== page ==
According to property data analysts at CoreLogic, Hurricane Ida has, as of September 2, left insured and uninsured losses from wind, storm surge, and inland flooding damages to residential and commercial properties in Louisiana, Mississippi and Alabama of an estimated $27-$40 billion.
The night before the storm, experts predicted possible Katrina-like destruction. Fortunately Ida left less loss of life and property than the 2005 disaster, but climate data analysts say warming of the earth could lead to increasing destruction in 2021 and beyond. Property and risk experts discussed with DS News why preparation is so important and what they are doing in the face of increasing natural-disaster danger.
“Hurricane Ida made landfall less than 40 miles away from where Hurricane Katrina made landfall, but the two storms had substantially different characteristics,” said Tom Larsen, Principal, Insurance Solutions at CoreLogic. “Even though Hurricane Ida was a higher wind-speed Category storm at landfall, Hurricane Katrina had a much larger wind field and had spent many hours as a Category 5 hurricane before weakening during its approach to landfall. It brought much higher storm surge than Hurricane Ida and flooded 80% of New Orleans in addition to devastating the Mississippi coast. With climate change affecting the ocean’s temperatures, we should expect to see more frequent and destructive tropical cyclone activity.
He adds that "homeowners and regional public agency leaders should prepare for more resilient city infrastructure and financial protection from catastrophe.”
Broken down, CoreLogic estimated total insured flood loss for residential and commercial properties in the three states to be between $6-$9 billion. Uninsured flood loss for this area is estimated to be between $8-$12 billion. Insured wind losses are an estimated additional $8 billion to $12 billion. More than 90% of the losses are estimated to be in Louisiana, primarily in the nine parishes in the New Orleans-Metairie-Hammond metropolitan area and in the Ascension, Lafourche, Livingston and Terrebonne parishes immediately to the west.
“While only 40 to 50% of the flood damages from Hurricane Ida appear to be covered by insurance, this is actually an improvement from the uninsured flood damages we saw from Hurricanes Harvey and Katrina,” said Larsen. “The flood insurance gap is shrinking.”
As property experts have told DS News, disaster planning has become a core component of mortgage servicing.
“The storms are getting more violent—it doesn’t matter where you live, whether you are in Iowa and having your crops destroyed or in Houston with 70 inches of rains in two days, in Puerto Rico with earthquakes, or wildfires in the West," said Tom O’Connell, SVP of Default Management, Planet Home Lending. "Preparedness is important. Your customers will be impacted, and when they are impacted, they will want to talk to somebody.”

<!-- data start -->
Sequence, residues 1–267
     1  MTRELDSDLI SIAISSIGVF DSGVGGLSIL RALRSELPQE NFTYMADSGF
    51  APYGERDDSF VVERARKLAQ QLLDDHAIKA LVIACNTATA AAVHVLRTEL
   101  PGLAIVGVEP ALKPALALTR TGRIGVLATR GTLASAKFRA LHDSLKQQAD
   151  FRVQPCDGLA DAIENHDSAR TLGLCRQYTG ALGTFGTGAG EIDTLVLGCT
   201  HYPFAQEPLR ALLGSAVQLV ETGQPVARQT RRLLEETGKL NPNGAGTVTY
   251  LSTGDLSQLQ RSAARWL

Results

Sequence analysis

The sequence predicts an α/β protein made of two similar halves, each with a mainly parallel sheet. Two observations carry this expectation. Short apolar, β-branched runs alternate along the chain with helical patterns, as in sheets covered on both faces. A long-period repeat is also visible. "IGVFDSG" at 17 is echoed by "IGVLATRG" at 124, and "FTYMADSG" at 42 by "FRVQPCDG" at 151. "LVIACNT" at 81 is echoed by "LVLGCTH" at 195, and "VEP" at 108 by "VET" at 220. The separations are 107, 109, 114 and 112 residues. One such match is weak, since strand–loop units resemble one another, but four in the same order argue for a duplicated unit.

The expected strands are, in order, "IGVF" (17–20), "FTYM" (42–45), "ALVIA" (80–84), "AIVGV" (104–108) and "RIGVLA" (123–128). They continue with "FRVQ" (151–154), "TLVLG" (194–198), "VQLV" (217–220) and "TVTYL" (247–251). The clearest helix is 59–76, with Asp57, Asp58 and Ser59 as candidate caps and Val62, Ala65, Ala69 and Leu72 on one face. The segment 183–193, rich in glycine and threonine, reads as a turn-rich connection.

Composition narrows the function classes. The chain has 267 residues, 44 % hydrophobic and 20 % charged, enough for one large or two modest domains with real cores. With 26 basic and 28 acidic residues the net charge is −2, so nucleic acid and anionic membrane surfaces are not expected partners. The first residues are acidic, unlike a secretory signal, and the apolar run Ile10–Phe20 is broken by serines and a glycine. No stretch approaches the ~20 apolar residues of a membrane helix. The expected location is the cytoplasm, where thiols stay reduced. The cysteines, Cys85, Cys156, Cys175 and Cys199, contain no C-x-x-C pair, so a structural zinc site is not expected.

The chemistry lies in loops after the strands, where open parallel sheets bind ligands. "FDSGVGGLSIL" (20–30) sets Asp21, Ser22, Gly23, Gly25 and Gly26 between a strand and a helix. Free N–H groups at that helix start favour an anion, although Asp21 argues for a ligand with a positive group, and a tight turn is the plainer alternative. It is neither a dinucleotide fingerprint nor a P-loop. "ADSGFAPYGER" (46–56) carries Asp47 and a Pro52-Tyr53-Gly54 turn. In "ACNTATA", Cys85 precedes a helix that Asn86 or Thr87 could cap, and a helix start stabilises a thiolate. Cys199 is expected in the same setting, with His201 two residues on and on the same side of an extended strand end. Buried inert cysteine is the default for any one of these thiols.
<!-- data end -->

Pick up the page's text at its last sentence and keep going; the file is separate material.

Technology continues to be a major focus in emergency response plans, says Chad Mosley, President, MCS. and member of Five Star Institute's Property Preservation Executive Forum. “Having the best tools in place prior to the natural disaster provides us with the ability to respond quickly and effectively. Software tools that help with weather monitoring are critical in our advance planning. Radars, precipitation measurement tools, flood plan mapping, wildfire burn radiuses and storm path tracking are all essential in tracking potential property damage."
Mosley went on to explain how his company continuously monitors storms, "before they arrive, while we are experiencing them, and in their aftermath to ensure our clients have the most up-to-date information on the potential risk and damage to their properties."
Mosley says MCS closely watches national sites such as FEMA in order to track daily intel and provide details—such as which states have requested assistance for natural disasters—down to the specific zip code. His team has continued to learn and improve following each past disaster.
"After experiencing severe storms and unexpected disasters in the past few years, we continued to invest in software tools that help with weather monitoring and are critical in our advance planning of natural disaster recovery. ... [the technology] allows us to work closely with our clients to quickly plan our next steps for inspections and property repairs."
In addition to real property damage from Ida, the team of mortgage-contract data analysts at ClosingCorp estimated that more than 8,270 pending mortgage transactions currently in progress in Louisiana are in jeopardy as a result of Hurricane Ida. The files, which are being originated by more than 120 different lenders, have a combined value of more than $1.7 billion.
Government agencies have announced disaster relief options for FHFA and FHA-backed mortgages.
As climate change continues to affect the way storms present, the risk in these hurricane-prone areas will continue to increase, according to CoreLogic's Larsen, Thomas Jeffery and other climate experts who authored the 2021 Hurricane report.
They note: "Based on data from NOAA National Centers for Environmental Information, over the past four decades we've seen a 70-90% increase every decade in total inflation-adjusted losses from weather events in the United States—and this trend isn’t slowing down."